Practical Theory - The Origin
The Scholars in CyberEnglish
ToDaY's MeNu - Ted

Wednesday, April 9, 2008


"Jabberwocky" is a nonsense poem by Lewis Carroll. It is useful for so many reasons. It of course is part of the larger fantastical work, Alice in Wonderland. By itself it is a grand poem filled with so many illusions, words, and lessons. HEAR IT. More versions can be found at LibriVox.

As a poem, I like "Jabberwocky" for its portmanteaus, combination of two or more words to create a new word. It is a simple exercise in vocabulary acquisition and comprehension.


`Twas brillig, and the slithy toves
Did gyre and gimble in the wabe:
All mimsy were the borogoves,
And the mome raths outgrabe.

`Beware the Jabberwock, my son!
The jaws that bite, the claws that catch!
Beware the Jubjub bird, and shun
The frumious Bandersnatch!'

He took his vorpal sword in hand:
Long time the manxome foe he sought--
So rested he by the Tumtum tree,
And stood awhile in thought.

And, as in uffish thought he stood,
The Jabberwock, with eyes of flame,
Came whiffling through the tulgey wood,
And burbled as it came!

One, two! One, two! And through and through
The vorpal blade went snicker-snack!
He left it dead, and with its head
He went galumphing back.

`And hast thou slain the Jabberwock?
Come to my arms, my beamish boy!
O frabjous day! Callooh! Callay!'
He chortled in his joy.

`Twas brillig, and the slithy toves
Did gyre and gimble in the wabe:
All mimsy were the borogoves,
And the mome raths outgrabe.

For my lesson, I ask the students to collect the words they don't recognize and to begin considering what two words are used to create the word they are looking at in the poem. As Carroll suggested in his annotated version these new words were concocted from existing words to create his own vocabulary. Some words like, "whiffling," "burbled," "galumphing," and "chortled," to name a few have become accepted words in our language.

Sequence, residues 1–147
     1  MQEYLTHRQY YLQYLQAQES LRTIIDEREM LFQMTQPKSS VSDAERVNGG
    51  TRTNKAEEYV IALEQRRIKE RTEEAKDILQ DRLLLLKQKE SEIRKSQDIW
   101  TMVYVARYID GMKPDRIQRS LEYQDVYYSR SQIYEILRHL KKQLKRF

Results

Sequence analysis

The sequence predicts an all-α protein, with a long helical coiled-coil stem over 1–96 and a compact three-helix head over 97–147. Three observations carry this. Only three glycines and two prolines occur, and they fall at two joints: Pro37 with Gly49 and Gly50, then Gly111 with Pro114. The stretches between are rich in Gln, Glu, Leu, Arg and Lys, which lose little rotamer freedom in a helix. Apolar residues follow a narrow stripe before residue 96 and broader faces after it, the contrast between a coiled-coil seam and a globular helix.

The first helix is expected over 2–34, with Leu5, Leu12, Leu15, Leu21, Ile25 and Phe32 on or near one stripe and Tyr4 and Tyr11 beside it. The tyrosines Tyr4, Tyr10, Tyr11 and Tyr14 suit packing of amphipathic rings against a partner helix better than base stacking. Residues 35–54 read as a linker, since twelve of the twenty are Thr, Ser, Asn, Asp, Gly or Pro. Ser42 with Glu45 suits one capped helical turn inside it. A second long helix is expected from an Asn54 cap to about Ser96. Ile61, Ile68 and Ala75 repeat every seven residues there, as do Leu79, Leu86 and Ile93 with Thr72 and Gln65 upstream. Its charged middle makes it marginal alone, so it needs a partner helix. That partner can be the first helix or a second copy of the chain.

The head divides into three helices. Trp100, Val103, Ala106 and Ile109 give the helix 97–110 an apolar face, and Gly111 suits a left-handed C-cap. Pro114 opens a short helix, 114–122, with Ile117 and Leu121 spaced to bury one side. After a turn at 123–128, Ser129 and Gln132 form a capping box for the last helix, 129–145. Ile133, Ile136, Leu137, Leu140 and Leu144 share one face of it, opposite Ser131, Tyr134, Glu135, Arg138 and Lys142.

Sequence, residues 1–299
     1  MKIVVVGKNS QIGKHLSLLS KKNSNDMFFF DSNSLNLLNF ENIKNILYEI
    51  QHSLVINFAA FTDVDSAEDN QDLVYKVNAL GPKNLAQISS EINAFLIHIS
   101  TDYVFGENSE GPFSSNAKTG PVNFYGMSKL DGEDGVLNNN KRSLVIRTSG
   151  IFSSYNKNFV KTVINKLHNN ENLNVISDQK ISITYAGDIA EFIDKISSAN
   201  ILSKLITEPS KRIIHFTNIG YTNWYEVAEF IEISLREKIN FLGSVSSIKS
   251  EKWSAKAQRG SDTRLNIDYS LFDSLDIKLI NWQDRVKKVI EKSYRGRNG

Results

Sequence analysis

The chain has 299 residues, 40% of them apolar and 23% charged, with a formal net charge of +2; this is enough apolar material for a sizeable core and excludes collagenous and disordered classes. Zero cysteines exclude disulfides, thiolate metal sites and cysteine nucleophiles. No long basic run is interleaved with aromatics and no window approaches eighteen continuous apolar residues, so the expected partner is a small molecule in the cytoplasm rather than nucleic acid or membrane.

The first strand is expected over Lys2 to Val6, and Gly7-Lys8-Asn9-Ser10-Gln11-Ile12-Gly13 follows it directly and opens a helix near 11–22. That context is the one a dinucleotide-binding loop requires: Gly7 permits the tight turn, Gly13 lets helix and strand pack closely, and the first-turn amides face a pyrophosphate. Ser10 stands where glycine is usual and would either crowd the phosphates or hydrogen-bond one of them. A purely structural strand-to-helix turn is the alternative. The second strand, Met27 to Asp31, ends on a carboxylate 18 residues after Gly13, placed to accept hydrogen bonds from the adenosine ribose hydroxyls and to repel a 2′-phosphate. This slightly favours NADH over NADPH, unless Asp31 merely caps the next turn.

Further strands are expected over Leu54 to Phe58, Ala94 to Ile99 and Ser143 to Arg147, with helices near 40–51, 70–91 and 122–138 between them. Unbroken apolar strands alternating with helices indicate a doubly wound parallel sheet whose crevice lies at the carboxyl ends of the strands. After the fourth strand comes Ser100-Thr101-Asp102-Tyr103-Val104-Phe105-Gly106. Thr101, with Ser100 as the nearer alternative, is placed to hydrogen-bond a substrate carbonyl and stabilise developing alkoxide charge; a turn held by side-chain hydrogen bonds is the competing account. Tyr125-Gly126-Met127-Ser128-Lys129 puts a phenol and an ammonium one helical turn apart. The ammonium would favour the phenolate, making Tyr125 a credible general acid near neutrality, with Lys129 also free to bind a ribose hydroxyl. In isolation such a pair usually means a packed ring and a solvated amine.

Once we get through the language we come to understand that this poem is rather sad. As Alice says after reading it:
`It seems very pretty,' she said when she had finished it, `but it's rather hard to understand!' (You see she didn't like to confess, even to herself, that she couldn't make it out at all.) `Somehow it seems to fill my head with ideas--only I don't exactly know what they are! However, somebody killed something: that's clear, at any rate--'
Exactly!! Who kills whom or what. My interpretation is that a young boy goes into the woods with his "vorpal" sword and slays the Jabberwock. I see this as a terrible mistake. The Jabberwock is a young sick baby and seems harmless: "it came whiffling through the tulgey wood, and burbled as it came!" I see and hear a sniffling baby with a head cold. Babies "burble," sick infants "whiffle." I think the mere size scares everyone and I'm not sure a child should be killing another child. I'm not sure I like the message being given here. When we encounter the unknown we don't want to kill it, we want to learn more about it. Certainly he was told this lesson by the elder who speaks to the "beamish boy." Is the elder right? Is this perhaps a poem that suggests we should not trust the elders? One interpretation of Alice in Wonderland does suggest this on occasion and action.

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